I'm thinking about taking her to the Dometic Violence shelter when I deliver the gifts...maybe seeing how others do without instead of me telling them?? I guess I grew up without alot, so I appreciate it more... or maybe it's just the fact she's a kid, and since it isn't somethign she deals with personally...it doesn't hit home for her?
It's just soo many little things that aggrivate me, how we are the meanest parents when "so and so's" mom lets them..or she has that...blah blah.
Guess that's the joy of parenting...just hope I start teaching my kids more about appreciation than getting 'their way'!
 


I think taking her to the domestic violence center is a great start. Maybe you could just start making it a point to have her do different philanthropic activities every month. She may resent the idea at first - but my guess is she would come to appreciate these activities once she sees how much fun giving can be. :)

Also - I just wanted to add that there's nothing wrong with giving your kids nice things. You just want/need her to appreciate what she has. I think serving the less forunate would be a great way for her to see how lucky she is.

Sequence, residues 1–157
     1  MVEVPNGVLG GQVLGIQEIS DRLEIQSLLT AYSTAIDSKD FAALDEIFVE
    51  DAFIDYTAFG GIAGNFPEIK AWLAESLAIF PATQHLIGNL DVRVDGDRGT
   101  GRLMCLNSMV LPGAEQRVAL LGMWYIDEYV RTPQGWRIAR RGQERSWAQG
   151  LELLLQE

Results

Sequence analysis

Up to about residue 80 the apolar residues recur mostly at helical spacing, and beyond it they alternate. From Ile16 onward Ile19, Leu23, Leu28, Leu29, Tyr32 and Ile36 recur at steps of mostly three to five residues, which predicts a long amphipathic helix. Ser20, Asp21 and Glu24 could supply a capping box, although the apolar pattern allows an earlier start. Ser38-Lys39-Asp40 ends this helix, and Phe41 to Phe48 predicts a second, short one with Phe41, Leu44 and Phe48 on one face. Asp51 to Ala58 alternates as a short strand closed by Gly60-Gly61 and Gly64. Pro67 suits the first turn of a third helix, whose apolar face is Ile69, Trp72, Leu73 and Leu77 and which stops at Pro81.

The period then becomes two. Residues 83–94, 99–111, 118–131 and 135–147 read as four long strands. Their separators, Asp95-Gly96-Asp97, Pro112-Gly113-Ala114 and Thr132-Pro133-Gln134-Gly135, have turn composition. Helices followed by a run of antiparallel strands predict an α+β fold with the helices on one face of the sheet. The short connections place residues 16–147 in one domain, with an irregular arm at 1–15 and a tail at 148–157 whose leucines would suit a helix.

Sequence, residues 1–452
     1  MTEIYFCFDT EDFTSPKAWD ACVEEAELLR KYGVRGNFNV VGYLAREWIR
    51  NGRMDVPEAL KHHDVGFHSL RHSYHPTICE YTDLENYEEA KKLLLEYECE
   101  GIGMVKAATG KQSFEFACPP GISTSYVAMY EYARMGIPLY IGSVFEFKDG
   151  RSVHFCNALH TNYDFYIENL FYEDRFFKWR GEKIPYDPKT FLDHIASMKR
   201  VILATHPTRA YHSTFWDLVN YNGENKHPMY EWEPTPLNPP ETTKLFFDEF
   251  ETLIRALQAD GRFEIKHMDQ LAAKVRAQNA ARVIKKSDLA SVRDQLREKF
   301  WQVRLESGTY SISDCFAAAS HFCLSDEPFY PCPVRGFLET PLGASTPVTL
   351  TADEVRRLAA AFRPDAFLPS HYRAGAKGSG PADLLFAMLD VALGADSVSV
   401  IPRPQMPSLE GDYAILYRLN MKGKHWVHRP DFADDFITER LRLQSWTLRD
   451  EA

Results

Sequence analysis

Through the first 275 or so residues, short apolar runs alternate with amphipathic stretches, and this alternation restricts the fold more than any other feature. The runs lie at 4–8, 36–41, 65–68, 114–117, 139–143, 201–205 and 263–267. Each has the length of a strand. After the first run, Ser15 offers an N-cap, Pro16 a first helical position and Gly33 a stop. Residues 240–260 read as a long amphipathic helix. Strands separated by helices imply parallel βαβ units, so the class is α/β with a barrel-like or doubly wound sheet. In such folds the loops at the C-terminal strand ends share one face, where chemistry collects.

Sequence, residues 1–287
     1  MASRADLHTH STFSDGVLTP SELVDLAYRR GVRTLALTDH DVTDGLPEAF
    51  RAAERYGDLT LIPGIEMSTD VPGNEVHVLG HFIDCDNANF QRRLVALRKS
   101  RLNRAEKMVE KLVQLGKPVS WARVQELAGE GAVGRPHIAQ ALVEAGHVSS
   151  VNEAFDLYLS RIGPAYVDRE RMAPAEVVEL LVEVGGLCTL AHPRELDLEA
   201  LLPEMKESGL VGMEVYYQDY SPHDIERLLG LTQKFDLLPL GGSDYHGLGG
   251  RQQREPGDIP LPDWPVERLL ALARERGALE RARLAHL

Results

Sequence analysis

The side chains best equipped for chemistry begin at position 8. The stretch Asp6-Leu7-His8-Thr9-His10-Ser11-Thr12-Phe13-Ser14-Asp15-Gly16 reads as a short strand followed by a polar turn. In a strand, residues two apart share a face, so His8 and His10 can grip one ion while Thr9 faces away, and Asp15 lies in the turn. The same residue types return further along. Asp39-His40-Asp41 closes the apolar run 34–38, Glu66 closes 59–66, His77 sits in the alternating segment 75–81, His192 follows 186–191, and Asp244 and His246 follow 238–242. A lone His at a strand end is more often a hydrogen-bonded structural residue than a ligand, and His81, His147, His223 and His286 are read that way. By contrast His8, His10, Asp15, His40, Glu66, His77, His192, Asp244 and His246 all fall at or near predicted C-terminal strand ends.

My oldest DD can get the same attitude that yours does sometimes. It's a hard thing to change. Maybe it has to do with being the oldest, I don't know.

As far as the skirt thing - I think that's a "pick your battle" thing. My DD's have gone out in weather that I would be bundled up in wearing only a hoodie. I used to nag & nag about it, but I figure if they want to freeze their butts off (like someone else said :D ) then let them - they know what the temperature is outside.

The situation with not realizing how good they have it as compared is a harder thing to deal with. Every time my DD's - mainly my oldest - starts with her "holier than thou" attitude I firmly remind her that she is blessed to have what she does & that there are people living in the streets with nothing.

Believe me, I feel your pain. Deep down, I'm sure she's a good kid (both yours & mine :D ) I think it's the attitude about things that get to me the most. Hang in there. :hug:
 
Jenn Lynn said:
I guess I probably would have let her wear the outfit, freeze her butt off, and learn the hard way.

That what I did. :blush: DD10 and I were going shopping and she came downstairs in sandals-- it was in the 40's outside. I told her to go put on some 'real' shoes because it was chilly outside. She came back with flip flops. I thought 'OK lets see how this goes'. We left with her wearing the flip flops. We start to walk into the mall and shes cold :rolleyes: then proceeds to tell me that I shouldn't have let her leave the house with those flip flops on. That when I very calmly tell her that she was informed that it was cold outside and there comes a point in a childs life when they have to grow up and take responsibility for their actions.